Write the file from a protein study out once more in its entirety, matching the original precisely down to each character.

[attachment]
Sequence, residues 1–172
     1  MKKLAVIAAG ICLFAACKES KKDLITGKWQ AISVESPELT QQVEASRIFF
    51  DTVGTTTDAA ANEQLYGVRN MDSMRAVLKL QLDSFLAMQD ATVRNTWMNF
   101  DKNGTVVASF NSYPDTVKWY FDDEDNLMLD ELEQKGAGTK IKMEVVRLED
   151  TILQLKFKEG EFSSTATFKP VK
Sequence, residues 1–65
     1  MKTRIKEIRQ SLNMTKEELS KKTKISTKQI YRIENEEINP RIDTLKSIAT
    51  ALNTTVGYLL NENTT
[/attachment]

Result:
Sequence, residues 1–172
     1  MKKLAVIAAG ICLFAACKES KKDLITGKWQ AISVESPELT QQVEASRIFF
    51  DTVGTTTDAA ANEQLYGVRN MDSMRAVLKL QLDSFLAMQD ATVRNTWMNF
   101  DKNGTVVASF NSYPDTVKWY FDDEDNLMLD ELEQKGAGTK IKMEVVRLED
   151  TILQLKFKEG EFSSTATFKP VK
Sequence, residues 1–65
     1  MKTRIKEIRQ SLNMTKEELS KKTKISTKQI YRIENEEINP RIDTLKSIAT
    51  ALNTTVGYLL NENTT